"Morning." He half-smiled as he popped open the passenger side door, holding it open for me to get in. He shut the door behind me. I squirmed against the scalding black leather seats. Han noticed when he got in the driver's seat.

"Sorry." He apologized as he tossed out his cigarette. The engine roared to life at a volume that definitely meant it was heavily modified. He cranked up the air conditioner and knocked a vent in my direction.

"So how often do you race?" I blurted without thinking.

He was reaching to put the car in gear, but his hand froze on the shifter. He looked at me with a new curiosity. I felt nervous thrum in my chest when I met his eyes.

I hadn't been with someone that made me nervous like this in a long time. It was first date butterflies mixed with something else entirely.

"I race when it's important." He answered slowly. He backed the car out of the driveway without looking away from me.

Despite my constant car sickness with Brian, I had yet to get nauseated with Han driving. He was a much smoother driver with no erratic turns, hard stops, or sudden acceleration. I felt like I should be able to relax. I wasn't though.

"Where are you taking me?" It was meant to be flirty, but it sounded accusatory. There was tension in the corner of his mouth, and I knew he caught it. "Sorry. I'm honestly a little nervous without the tequila."

"Then I'm guessing breakfast mimosas aren't out of the questions?" He teased.

"I might stay sober enough to attempt surfing." Surfing? What the fuck. I had daydreamed about trying it while I was drunk and staring at a Spanish brochure I couldn't read last night, but that wasn't a good impulsive first date activity. I was going to make a fool of myself on day one.

"You surf?" He asked, he looked away from me to make a turn onto the main road and I was glad because it gave me a second to exhale.

"No, but I figured I'm in Mexico, I might as well try some things," I answered. Did that make me sound desperate? I felt desperate saying that.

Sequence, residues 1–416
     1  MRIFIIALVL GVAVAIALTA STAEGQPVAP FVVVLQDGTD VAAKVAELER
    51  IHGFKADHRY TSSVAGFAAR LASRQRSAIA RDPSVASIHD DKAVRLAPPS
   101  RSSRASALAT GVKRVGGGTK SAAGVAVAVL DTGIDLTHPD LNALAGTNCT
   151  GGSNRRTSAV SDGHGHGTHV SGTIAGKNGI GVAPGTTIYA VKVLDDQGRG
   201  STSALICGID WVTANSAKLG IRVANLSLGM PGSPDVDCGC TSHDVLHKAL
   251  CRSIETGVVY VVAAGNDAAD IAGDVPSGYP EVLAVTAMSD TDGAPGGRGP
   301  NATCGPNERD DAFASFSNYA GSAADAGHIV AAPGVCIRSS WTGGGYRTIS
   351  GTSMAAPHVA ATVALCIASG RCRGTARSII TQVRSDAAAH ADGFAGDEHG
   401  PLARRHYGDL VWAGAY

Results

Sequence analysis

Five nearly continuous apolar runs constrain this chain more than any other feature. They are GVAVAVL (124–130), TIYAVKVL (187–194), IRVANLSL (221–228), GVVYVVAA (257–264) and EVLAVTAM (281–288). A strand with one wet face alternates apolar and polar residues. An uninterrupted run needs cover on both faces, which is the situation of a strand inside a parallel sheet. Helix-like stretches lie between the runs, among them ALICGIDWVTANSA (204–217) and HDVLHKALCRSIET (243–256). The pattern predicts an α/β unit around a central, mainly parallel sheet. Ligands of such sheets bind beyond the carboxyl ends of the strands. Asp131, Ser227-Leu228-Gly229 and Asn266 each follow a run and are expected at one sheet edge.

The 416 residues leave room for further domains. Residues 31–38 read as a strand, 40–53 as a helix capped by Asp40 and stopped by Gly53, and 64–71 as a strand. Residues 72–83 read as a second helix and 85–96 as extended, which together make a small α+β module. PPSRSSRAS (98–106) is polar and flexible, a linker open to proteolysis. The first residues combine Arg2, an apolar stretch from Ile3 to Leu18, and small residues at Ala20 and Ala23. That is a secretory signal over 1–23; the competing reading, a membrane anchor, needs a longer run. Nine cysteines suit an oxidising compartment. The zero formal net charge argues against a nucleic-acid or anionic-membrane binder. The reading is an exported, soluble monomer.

"First time in Sayulita?"

"Yes. I'm excited to explore a little. The airline lost my bag, so I don't have much a choice but to walk around and do some shopping today." I lied smoothly so maybe I would seem like less of a psycho when he realized I had only packed two shirts, a dress, a pair of shorts, and a bathing suit. I didn't even pack panties. "How long have you been here?"

"Couple weeks." He pulled down a side road before smoothly pulling into a parking space. "I've always liked Sayulita."

"Where do you live when you're not here?" I was expecting a roundabout answer, but I wasn't expecting a straight-up shrug.

"Come on. This place has the best breakfast in town."


Was it bad to be jealous of a criminal? Han was the most relaxed free spirit I'd met in a long time. He stayed laid back in his chair the entire meal, lazily munching on his breakfast sandwich without a care in the world. Meanwhile, my anxiety went through the roof with no warning when we sat down to order.

With the way kept a constant scan of everything going on, I knew he knew. He didn't acknowledge it and rolled with all of my awkward questions and behaviors. I was flustered for no damn reason. Well, maybe not for no damn reason.

I hadn't been on a date in almost a year. Towards the end of my relationship with Marcus, we were fighting so much he made no effort to take me out, so I couldn't even say I'd been on a date with him. I had spent most of my time doing interrogations, and unfortunately, it was showing.

Han was amazing at dodging questions. He played everything close to the chest, answering everything breezily and without giving any real information. I caught myself pushing harder. Surprisingly, I did manage to get him to slip up once.

He left for Mexico immediately after high school. The implication was that something happened right before. I also learned the name of his hometown in a sterile California suburb that I had filed away for later.